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Facebook Firings: Employers Need To Mind Labor Law, Report Finds

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WASHINGTON -- American workers have been taking to Facebook and Twitter to passionately vent their workplace gripes, often in the most personal and vulgar ways possible. And as their bosses respond in kind with notices of termination, companies need to carefully consider whether they're breaking the law by firing someone due to the use of social media.

That's the take-away from a new analysis by the U.S. Chamber of Commerce of more than a hundred charges recently filed with the National Labor Relations Board (NLRB) involving social media and the workplace. Many of the complaints filed with the federal agency were brought by workers who felt they were illegally let go or otherwise disciplined for their Facebook musings. Others alleged that their companies had "overly broad" policies regarding social media that undercut their rights as workers.

"If you look across the country, there are just a lot of interesting scenarios out there," said Michael Eastman, executive director of labor law policy at the Chamber of Commerce and the author of the report. "Employees are not the most restrained on social media sites, and employers are not the most restrained in their reactions."

Indeed, the report confirms what any devoted Facebook user already knows -- people often don't consider the possible repercussions before posting something inflammatory on the social network, and their remarks often reach a much wider audience than they'd anticipated, including bosses who aren’t necessarily their Facebook "friends."

Employers, in turn, are firing workers for tarnishing the company with their outbursts or simply acting unprofessional online, sometimes not realizing that the employees' ramblings might be protected by labor law. Several such cases have already been litigated and settled, although the vast majority of social media-related cases before the NLRB are only in their early stages.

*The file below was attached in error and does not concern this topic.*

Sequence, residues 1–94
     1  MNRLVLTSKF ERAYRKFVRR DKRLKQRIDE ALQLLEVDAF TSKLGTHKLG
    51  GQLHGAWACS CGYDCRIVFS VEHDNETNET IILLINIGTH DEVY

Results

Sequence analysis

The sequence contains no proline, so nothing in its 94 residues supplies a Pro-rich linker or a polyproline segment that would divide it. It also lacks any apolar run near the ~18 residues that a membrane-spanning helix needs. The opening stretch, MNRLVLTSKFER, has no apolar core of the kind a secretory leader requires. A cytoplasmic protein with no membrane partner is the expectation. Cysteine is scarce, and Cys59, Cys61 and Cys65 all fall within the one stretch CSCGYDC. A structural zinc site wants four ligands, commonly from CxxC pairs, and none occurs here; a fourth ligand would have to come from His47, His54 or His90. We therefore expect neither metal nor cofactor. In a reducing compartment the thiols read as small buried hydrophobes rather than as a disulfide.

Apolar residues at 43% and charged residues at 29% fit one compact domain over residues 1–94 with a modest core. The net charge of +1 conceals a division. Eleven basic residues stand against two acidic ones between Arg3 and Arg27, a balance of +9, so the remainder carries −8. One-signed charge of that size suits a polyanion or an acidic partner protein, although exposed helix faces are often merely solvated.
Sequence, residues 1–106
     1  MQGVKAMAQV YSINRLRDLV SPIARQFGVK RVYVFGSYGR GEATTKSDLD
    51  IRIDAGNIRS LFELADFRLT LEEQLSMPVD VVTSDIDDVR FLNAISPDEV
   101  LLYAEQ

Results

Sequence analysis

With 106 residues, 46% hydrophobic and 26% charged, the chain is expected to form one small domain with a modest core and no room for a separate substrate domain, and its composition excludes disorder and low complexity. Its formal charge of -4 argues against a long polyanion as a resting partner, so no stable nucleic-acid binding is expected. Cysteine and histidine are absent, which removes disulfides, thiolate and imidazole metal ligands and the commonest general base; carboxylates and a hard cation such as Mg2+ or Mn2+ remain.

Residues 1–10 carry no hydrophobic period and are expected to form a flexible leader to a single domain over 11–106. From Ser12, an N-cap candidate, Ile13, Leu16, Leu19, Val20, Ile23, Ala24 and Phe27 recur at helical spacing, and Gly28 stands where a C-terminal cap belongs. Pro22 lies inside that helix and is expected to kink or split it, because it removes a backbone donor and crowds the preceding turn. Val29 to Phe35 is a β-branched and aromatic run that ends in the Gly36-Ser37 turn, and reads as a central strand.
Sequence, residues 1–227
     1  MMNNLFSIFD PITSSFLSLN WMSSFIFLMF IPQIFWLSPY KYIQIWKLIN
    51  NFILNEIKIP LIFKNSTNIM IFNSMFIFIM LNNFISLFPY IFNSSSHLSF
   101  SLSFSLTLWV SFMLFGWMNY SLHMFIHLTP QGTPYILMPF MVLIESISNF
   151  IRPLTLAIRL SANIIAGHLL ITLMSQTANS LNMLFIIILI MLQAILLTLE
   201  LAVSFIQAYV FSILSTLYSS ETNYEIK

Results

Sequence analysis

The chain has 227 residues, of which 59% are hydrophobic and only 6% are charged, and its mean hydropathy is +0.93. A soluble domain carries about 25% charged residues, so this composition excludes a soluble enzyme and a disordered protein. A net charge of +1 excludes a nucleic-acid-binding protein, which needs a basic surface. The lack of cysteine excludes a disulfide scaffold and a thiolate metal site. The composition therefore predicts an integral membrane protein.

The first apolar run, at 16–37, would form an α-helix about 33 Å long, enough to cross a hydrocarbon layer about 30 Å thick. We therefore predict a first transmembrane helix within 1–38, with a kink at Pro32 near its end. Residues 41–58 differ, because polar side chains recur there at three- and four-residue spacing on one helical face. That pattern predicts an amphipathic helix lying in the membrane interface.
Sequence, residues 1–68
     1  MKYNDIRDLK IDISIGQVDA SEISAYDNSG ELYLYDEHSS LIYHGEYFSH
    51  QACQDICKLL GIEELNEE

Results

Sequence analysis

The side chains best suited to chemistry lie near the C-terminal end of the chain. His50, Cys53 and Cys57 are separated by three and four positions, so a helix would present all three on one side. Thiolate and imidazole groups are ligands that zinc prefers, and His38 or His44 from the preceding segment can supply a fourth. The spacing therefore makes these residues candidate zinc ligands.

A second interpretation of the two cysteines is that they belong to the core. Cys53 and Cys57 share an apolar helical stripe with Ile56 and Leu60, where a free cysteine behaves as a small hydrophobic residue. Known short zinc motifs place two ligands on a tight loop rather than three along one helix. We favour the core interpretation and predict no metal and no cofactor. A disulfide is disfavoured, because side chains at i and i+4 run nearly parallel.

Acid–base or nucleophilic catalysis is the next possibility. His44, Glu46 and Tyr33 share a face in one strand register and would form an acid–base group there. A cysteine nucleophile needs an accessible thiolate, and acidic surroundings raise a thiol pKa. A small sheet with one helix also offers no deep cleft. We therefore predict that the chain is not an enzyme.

"Employers who never thought of the NLRB before suddenly have the agency asking about their social media policy," said Eastman. "It's kind of a wake-up call."

In the charges filed by workers, many accused their employers of firing them for disparaging their company's product on Facebook, for complaining on Facebook about not receiving their paychecks on time and for discussing disciplinary warnings on Facebook. Some workers were ordered by superiors to remove posts they made to the site. One was fired for writing, "I don't want to be here anymore. They don’t pay me enough and I don't give a sh*t."

An NLRB spokeswoman previously told HuffPost that the agency is drafting a report that will offer employers some guidance on the law. "It's ... to help employers understand where we're coming from on these," said spokeswoman Nancy Cleeland. "This is new territory."

As the Chamber report shows, the line between a fair firing and a potentially illegal one can be thin. In the case that prompted a torrent of complaints filed with the NLRB, the agency's general counsel maintained that a Connecticut ambulance worker was unfairly fired for criticizing her boss on Facebook. Although she called her superior a "d*ck" and a "scumbag" -- the kind of insubordination that workers are routinely fired for -- the worker's Facebook back-and-forth also seemed to include a meaningful discussion of workplace conditions, an activity protected by labor law.

But at the same time, the NLRB threw out a complaint from a Walmart worker who was disciplined in part for calling his boss a "puta" -- Spanish for "whore" -- on Facebook, essentially arguing that the worker was airing nothing more than an "individual gripe." So far, the board has suggested that for Facebook chatter to be protected by labor law, it must involve substantive talk about the workplace with other co-workers.

The NLRB's report on social media cases is expected to be released sometime in the coming weeks.

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